Synopses & Reviews
?A radical, well-informed, and highly original reinterpretation of the place of slavery in the American War of Independence.?-David Brion Davis, Yale University
In 1772, the High Court in London brought about the conditions that would end slavery in England by freeing a black slave from Virginia named Somerset. This decision began a key facet of independence.
Slave Nation is a fascinating account of the role slavery played in the drawing of the United States Constitution and in shaping the United States. At the Constitutional Convention, the South feared that the Northern states would leave the Convention over the issue of slavery. In a compromise, the Southern states agreed to slavery's prohibition north of the Ohio River, resulting in the Northwest Ordinance. This early national division would continue to escalate, eventually only reaching resolution through the Civil War.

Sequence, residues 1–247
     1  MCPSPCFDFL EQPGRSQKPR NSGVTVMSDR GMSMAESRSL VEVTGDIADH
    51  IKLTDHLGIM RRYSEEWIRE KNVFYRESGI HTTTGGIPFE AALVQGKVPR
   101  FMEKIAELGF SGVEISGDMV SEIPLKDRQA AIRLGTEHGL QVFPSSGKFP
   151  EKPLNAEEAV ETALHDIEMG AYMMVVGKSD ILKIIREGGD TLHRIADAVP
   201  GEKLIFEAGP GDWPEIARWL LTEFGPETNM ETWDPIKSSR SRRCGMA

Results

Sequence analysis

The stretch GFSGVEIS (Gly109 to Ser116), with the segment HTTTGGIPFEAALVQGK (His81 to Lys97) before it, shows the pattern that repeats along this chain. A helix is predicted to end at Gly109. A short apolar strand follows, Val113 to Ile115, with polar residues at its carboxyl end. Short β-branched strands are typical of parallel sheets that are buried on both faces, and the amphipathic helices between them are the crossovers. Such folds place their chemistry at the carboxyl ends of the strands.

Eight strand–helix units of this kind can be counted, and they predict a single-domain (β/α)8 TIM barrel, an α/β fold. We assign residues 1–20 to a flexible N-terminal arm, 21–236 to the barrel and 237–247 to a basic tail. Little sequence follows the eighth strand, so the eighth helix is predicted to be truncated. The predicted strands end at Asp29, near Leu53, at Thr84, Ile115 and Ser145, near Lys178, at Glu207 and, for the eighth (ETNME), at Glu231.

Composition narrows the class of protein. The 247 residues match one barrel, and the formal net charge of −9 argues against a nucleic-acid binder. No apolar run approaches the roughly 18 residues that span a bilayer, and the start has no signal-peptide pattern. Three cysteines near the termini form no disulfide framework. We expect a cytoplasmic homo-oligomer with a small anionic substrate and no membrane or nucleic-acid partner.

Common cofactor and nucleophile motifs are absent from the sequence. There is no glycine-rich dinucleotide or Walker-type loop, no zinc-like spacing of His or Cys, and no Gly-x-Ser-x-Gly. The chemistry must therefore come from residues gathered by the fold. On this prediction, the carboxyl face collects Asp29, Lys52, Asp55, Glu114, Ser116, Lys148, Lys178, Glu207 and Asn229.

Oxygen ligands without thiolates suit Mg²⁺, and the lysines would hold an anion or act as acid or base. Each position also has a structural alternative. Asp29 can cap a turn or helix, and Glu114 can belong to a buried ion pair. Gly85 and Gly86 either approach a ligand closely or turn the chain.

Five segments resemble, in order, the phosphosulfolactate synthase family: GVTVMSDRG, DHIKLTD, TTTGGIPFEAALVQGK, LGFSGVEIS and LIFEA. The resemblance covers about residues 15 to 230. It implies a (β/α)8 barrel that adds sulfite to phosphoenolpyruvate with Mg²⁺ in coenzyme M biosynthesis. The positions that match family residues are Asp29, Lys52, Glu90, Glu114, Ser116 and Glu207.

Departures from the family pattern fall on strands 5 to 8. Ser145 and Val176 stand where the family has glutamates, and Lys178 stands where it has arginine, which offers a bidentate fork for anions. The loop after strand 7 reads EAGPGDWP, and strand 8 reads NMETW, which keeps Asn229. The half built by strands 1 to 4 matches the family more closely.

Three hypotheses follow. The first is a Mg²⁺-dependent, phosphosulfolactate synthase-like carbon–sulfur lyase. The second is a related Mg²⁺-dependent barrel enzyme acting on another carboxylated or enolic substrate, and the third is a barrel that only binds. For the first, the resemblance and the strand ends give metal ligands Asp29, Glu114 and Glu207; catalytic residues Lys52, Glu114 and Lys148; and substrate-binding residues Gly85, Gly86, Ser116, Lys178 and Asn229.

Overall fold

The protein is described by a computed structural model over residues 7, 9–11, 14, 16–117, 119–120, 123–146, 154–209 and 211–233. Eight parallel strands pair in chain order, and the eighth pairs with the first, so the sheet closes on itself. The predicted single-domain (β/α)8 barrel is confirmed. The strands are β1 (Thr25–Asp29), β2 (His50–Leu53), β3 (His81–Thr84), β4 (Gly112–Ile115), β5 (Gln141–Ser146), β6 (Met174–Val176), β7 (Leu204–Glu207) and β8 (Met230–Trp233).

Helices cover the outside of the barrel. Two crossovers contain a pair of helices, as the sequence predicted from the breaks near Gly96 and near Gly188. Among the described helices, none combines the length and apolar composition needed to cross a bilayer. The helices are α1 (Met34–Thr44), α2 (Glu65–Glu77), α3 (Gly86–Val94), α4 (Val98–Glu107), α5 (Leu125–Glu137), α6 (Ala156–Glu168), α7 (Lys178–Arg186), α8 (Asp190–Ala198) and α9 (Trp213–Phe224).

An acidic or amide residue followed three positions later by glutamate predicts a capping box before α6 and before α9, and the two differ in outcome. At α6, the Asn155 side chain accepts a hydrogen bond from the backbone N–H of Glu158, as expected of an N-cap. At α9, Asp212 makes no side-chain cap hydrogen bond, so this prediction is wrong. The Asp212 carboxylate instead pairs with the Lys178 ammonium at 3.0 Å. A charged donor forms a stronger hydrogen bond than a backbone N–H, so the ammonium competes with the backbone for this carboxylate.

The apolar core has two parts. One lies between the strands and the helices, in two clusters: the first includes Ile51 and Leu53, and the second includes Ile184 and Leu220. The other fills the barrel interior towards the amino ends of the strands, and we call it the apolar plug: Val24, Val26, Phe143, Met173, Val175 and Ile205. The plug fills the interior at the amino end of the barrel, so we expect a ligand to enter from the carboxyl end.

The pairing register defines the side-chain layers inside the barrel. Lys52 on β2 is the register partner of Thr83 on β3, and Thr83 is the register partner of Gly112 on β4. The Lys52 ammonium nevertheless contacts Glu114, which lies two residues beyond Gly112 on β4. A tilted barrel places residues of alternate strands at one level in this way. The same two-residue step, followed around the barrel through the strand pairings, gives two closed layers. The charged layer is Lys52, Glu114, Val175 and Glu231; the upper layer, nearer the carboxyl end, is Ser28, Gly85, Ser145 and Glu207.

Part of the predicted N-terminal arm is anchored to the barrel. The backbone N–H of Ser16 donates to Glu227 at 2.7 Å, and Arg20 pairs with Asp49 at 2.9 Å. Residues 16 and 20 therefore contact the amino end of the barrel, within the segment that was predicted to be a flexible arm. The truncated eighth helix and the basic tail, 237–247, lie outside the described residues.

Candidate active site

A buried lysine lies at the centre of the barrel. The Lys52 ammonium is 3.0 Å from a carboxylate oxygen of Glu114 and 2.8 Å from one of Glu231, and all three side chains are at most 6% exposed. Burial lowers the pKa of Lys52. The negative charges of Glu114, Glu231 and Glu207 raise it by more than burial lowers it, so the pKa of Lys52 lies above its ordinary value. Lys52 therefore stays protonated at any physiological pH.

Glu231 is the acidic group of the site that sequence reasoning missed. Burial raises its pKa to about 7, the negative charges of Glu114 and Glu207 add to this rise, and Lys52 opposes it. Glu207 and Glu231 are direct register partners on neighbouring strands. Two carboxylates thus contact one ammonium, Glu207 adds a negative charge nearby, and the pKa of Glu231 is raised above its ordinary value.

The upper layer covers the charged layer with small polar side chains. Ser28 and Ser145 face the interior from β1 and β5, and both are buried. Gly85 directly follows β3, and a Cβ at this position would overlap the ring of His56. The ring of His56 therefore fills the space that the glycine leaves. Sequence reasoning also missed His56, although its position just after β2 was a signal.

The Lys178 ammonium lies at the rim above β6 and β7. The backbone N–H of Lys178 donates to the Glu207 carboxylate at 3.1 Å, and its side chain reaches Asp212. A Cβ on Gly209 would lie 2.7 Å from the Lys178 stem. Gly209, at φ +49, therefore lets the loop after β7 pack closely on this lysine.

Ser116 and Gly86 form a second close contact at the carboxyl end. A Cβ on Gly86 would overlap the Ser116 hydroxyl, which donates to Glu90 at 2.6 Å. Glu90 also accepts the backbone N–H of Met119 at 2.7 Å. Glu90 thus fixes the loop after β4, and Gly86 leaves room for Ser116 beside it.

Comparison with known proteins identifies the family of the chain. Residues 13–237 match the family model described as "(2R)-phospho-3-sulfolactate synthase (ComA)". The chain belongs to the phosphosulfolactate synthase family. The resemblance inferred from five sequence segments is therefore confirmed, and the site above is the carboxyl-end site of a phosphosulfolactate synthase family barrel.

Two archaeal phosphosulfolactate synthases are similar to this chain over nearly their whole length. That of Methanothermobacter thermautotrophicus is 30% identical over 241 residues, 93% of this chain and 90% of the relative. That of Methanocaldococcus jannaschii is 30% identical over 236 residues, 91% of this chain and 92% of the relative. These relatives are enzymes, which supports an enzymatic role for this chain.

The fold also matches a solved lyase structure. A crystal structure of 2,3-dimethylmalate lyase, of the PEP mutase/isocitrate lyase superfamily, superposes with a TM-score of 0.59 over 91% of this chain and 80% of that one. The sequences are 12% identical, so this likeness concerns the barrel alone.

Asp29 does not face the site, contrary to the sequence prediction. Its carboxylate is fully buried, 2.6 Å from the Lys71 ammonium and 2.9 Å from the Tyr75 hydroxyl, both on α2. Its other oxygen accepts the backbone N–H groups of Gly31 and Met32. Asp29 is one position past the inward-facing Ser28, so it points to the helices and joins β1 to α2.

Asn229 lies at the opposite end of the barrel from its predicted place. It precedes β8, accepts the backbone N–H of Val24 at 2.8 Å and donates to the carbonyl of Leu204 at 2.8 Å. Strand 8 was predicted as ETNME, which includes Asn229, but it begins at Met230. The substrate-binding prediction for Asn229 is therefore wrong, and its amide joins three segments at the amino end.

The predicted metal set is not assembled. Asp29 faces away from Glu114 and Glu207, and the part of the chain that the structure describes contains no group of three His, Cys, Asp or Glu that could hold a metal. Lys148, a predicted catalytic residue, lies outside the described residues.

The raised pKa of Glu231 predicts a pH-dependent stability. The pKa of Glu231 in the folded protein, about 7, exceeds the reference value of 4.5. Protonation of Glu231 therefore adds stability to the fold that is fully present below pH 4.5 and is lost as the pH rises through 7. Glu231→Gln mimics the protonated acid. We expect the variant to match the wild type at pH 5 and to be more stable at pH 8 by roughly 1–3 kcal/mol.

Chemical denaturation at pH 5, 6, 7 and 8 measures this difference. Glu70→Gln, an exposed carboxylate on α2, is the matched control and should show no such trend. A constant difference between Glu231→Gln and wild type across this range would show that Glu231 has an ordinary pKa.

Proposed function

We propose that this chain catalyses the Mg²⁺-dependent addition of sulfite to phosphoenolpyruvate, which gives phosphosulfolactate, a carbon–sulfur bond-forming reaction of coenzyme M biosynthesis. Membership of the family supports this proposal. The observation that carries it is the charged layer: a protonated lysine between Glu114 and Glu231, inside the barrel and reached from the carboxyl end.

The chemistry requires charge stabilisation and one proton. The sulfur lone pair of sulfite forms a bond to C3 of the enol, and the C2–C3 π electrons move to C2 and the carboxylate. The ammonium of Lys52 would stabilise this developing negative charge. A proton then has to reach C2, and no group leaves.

This carefully documented, chilling history presents a radically different view of the profound role that slavery played in the founding of the republic, from the Declaration of Independence and the American Revolution through the creation of the Constitution. The book begins with a novel explanation about the impact slavery had on the founding of the republic. In 1772, a judge sitting in the High Court in London declared slavery so odious that it could not exist as common law and set the conditions which would consequently result in the freedom of the 15,000 slaves living in England at that time.